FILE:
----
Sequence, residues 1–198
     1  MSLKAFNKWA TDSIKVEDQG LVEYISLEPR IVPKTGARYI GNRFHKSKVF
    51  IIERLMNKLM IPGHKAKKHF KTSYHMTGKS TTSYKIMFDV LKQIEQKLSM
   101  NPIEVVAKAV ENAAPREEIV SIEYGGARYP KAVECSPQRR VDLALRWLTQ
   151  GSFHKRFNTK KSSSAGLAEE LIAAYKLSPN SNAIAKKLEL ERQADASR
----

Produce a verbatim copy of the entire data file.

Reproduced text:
Sequence, residues 1–198
     1  MSLKAFNKWA TDSIKVEDQG LVEYISLEPR IVPKTGARYI GNRFHKSKVF
    51  IIERLMNKLM IPGHKAKKHF KTSYHMTGKS TTSYKIMFDV LKQIEQKLSM
   101  NPIEVVAKAV ENAAPREEIV SIEYGGARYP KAVECSPQRR VDLALRWLTQ
   151  GSFHKRFNTK KSSSAGLAEE LIAAYKLSPN SNAIAKKLEL ERQADASR